There are a lot of ETFs (exchange-traded funds) out there. Some of the most popular ETFs offer one-stop, diversified exposure to specific industries or investment types: gold ETFs, silver ETFs, bond ETFs, oil ETFs and natural gas ETFs, Canadian ETFs, emerging market ETFs, commodity ETFs … the list goes on.
But there are some exchange-traded funds that select their holdings a bit more … creatively. Here are three funds with unique screening criteria that were recently recommended in the Dick Davis Digest.
This first fund was recommended by Stephen Leeb’s The Complete Investor, and it focuses on stocks of companies that have a history of buying back their shares. Here’s his idea, via the latest Investment Digest:
“The amount of money being committed to corporate share buybacks lately has been impressive. … More than 100 companies in the S&P have bought back more than 4% of their shares in the past year alone. The buying hasn’t been limited to just one or two industry groups either; it stretches across most sectors, with the highest concentrations having been in Technology, Telecom and Consumer Discretionary. …
“These buybacks have undoubtedly been an important driver for stocks in the last few years. And with nearly $260 billion in buybacks announced so far in 2013 and likely more to come, they should not only keep a floor under share prices going forward, but also contribute further to the market’s advance. …
“If you’re interested in capitalizing on stock buybacks, one way to do so is with the Powershares Buyback Achievers Fund (PKW). The ETF mimics the performance of the Mergent Buyback Achievers Index, which tracks U.S. companies that have repurchased 5% or more of their outstanding shares in the previous 12 months. The strategy has proven to be a worthwhile one: since its inception five years ago, the fund has essentially doubled the return of the S&P 500.”—Stephen Leeb, PhD., The Complete Investor, 6/10/13
My second idea comes from Cabot Benjamin Graham Value Investor analyst J. Royden Ward. He recently recommended a fund that invests in companies that raise their dividends consistently. Here’s part of his advice, from the latest Dividend Digest:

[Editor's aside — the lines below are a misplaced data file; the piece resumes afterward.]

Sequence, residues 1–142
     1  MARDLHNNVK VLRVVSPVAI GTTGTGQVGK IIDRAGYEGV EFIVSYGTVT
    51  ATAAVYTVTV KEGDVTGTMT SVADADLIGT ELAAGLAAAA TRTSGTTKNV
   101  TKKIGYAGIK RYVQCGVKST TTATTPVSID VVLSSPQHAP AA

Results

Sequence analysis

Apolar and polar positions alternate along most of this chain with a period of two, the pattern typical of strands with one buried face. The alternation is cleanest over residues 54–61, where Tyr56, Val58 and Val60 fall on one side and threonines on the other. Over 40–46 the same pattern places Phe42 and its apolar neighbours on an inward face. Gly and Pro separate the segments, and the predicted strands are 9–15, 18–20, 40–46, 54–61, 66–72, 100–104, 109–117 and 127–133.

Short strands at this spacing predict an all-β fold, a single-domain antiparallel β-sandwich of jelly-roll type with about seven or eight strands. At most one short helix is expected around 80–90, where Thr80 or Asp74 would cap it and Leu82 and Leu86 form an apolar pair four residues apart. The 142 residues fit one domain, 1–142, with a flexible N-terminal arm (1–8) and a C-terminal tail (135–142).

“SPDR S&P Dividend ETF (SDY) holds all the companies in the S&P 1500 Index that have raised dividends every year for the past 20 years. The objective of the ETF is to include companies that have increased their dividends consistently. Only 85 qualify out of 1,500 companies!
“Companies with pristine dividend records tend to produce solid earnings and sustainable business models. Also, management is less likely to engage in reckless capital spending if the goal of management is to protect and grow the company’s dividend. SDY is currently selling at a very small 0.09% discount to its net asset value.
“The P/E ratio of the stocks contained in the ETF is 16.5, and the P/BV ratio is 2.84. Both ratios are reasonable, and the beta is below average at 0.86. Management fees total 0.35%.
“SDY is quite well diversified with risk spread out over 85 holdings. The largest position consumes only 2.55% of the total portfolio. The 10 largest holdings in order of size are Pitney Bowes, AT&T, Abbvie, HCP, Consolidated Edison, Air Products, General Dynamics, Nucor, Kimberly Clark and Leggett & Platt. The five largest sectors are Consumer Staples, Industrials, Financials, Materials and Utilities.
“SDY is a great substitution for bonds because of its 2.8% yield and steady performance. I expect SDY shares to reach my Min Sell Price of 100.00 within one to two years. Max Buy Price 66.50.”—J. Royden Ward, Cabot Benjamin Graham Value Investor, June 2013
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Finally, from the June 5 Investment Digest, my last idea is a mutual fund that focuses on stocks of indebted—and hopefully undervalued—companies. Here’s the recommendation, from Fidelity Monitor & Insight:
“Fidelity Leveraged Company Stock Fund (FLVCX)—While benchmarked against the S&P 500, neither the fund’s investment strategy nor its composition bear any resemblance to it. Instead, long-time manager Tom Soviero seeks out highly indebted (leveraged) companies that seem poised for an eventual resurrection. This is a form of value investing whereby stocks are seen as inexpensive relative to their potential. (Though one can argue that this is the case for all styles of investing!)
“Since taking this fund over in 2003, Tom has produced superior results, and his three-year record is also solid. But here and there, the fund hiccups (2008 and 2011 are notable examples), and so patience is a prerequisite to owning its shares (as we do in our Growth Model). This year, for example, its double-weight (23%) in consumer discretionary stocks looks like a home run, while its near triple-weight in materials (12%) plus an under-weight in consumer staples (2% versus 11%) have been less brilliant.
“Finally, while Tom likes to keep money sidelined so that he can jump on an opportunity without selling less-liquid positions, his robust 14% stake in cash is somewhat elevated, especially as stocks have rebounded.”—John Bonnanzio, Fidelity Monitor & Insight, June 2013
Wishing you success in your investing and beyond,
Chloe Lutts Jensen
Editor of Investment of the Week
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